San Antonio-born Walt Wilkins
has been called a genius, more than once, and a writer the caliber of John Steinbeck and his voice as comfortable as a pair of old blue jeans, and he is, and has, all of that. His crafting of story-songs, hard-edged vocals to sing them and a plaintive guitar have made him a fixture of the Texas music scene (and Nashville before that). He’s put his magical touch on recordings by new and veteran artists, too many to count. Is he near done? Hasn’t he done it all? Double hell no.
Walt Wilkins served his time as a hired songwriter in Nashville for a decade (his songs have been covered by artists of the calibre of Ricky Skaggs, and he recently won an SESAC songwriter award) but a sense of relief at being back in his native Texas enthuses his new album Plenty
. - The Telegraph
Wilkins cuts with exacting precision: No words are wasted, and everything simply fits. Additionally, Wilkins clearly understands production nuances. Like his sharp songwriting, he adds (“Rain All Night”) and subtracts (“Soft September Night”) precisely when needed. Add this to Wilkins’ list of blessings: with Plenty, he’s created one of the best Texas albums of the year. — LoneStar Music
songs are sophisticated and enlightening, offering a view of the Texas west that’s akin to Dave Alvin’s meditations on mid-century California. He writes with a folksinger’s eye, observing intimate, interior details of every day life, and painting big, mythological sketches..." - Hyperbolium
deserves widespread acclaim... There’s a sense of remorse and regret instilled in these songs, a pervading sadness that makes the material all the more compelling. Kennedy is a singer/songwriter whose songs reflect the struggles and concerns that burden nearly everyone’s existence... There’s tremendous optimism implied here... Indeed, with Wide Listener
, and with every one of Kennedy’s efforts so far, hearing is believing." - No Depression
Walt Wilkins: "I am fortunate that I play my songs across a wide region that is filled with people who find comfort, enjoyment & meaning in coming out to listen to folks like myself. I am fortunate that enough they come out, generally, that I can come back to those places and play my songs again. I am lucky, I think, that I knew my calling at an early age, and at one point in my life, I took the necessary steps to follow that calling out into the world. I am still learning how to listen to, and stay true to the voice, and true to the work I am given. I try not to take myself too seriously, but I do try to take seriously this work; this calling. I play some nights just me and my guitar, and some nights with my talented and funny wife, Tina. And some nights with the The Mystiqueros, a living art collective, a hill country jukebox, one of the bands on the bill in honky-tonk heaven. I drive, I play, I sleep and dream. I have had a fair share of songs recorded by other folks, which was my dream all along, and I have played shows with heroes & real poets & the deepest of cats. But I live for the gig tonight, and tomorrow. I am fortunate... and I hope to see you down this road."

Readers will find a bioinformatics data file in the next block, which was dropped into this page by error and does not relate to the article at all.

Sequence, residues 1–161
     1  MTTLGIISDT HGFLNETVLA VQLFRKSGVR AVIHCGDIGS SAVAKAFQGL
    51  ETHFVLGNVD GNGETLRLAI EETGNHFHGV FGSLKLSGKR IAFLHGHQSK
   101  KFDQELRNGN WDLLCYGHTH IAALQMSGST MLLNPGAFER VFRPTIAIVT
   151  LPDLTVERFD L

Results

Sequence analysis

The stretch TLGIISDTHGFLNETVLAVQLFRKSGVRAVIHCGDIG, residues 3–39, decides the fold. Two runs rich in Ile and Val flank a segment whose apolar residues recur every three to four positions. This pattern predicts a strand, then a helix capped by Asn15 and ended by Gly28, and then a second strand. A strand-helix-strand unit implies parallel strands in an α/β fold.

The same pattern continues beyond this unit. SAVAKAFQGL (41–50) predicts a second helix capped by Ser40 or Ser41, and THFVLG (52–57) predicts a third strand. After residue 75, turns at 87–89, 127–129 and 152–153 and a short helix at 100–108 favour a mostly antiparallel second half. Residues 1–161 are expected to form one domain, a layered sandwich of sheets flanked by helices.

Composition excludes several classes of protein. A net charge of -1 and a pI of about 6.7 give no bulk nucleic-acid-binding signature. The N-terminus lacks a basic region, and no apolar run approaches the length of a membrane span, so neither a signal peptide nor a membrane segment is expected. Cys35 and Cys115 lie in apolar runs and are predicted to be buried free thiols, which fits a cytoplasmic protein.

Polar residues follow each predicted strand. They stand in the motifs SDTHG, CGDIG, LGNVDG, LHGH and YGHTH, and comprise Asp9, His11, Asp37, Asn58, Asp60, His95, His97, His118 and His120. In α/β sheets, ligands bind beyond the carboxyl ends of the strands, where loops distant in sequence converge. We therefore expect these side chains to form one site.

Rebellion doesn’t have to be loud. Drew Kennedy
has devoted his life to writing and performing his songs his way for anyone who cares. With a catalog seven-albums deep, one novel penned, a music festival created, and an ever-growing group of admirers comprising elite peers and everyday listeners, Kennedy has reimagined what it means to be a contemporary songwriter. But tell that to the guy himself, and he shrugs and smiles. “I just want to write the best songs that I possibly can,” Kennedy says. His most recent release, 2014’s Sad Songs Happily Played
, is both a career-spanning snapshot and a winning testament to his instinctive “well, why not?” "I like knowing I can keep them engaged for two hours. I look at all of it as an extension of songwriting — making the arc of the show go from beginning to end and giving a reason why you’re playing each song.” Kennedy’s songs have earned widespread attention. No Depression, Engine 145, CMT Edge
and others have heaped praise of his efforts. His circle of co-writers and collaborators now includes Lori McKenna, Walt Wilkins, Matraca Berg, Jeff Hanna, Travis Meadows, and Susan Gibson, while Jason Boland and the Stragglers, Patty Loveless and Jason Eady, Bart Crow, and more have recorded his work. Owen Temple
: "Approximately 5,200 years after the invention of writing in Mesopotamia, and 18 years after my birth in Kerrville, Texas, Owen Temple started writing songs about remarkable people and places that I wanted to remember. Because no one else knew the songs, I started singing them myself at a bar in Austin, Texas on Tuesday nights. Through music, I kept meeting interesting people, and through writing and singing songs about them, I have had the opportunity to travel around the North American continent and also around Europe. When no interesting people are around, I make up songs and stories about interesting people that I imagine. There are also songs about superstition, innovation, power, theft, technology, travel, philosophy, politics, aging, and history. Some of the most interesting people I have met worked with me on these songs. Over coffee and beers with Gordy Quist, Adam Carroll, A.J. Roach, Paul Cauthen, David Beck, and Clay McClinton, we wrote several of these new ones. And I wrote about half of them by myself, usually on cocktail napkins or the digital notepad of smartphones. Here's to the beautiful and complicated ongoing experiment of human life on earth- and here's to the Stories They Tell."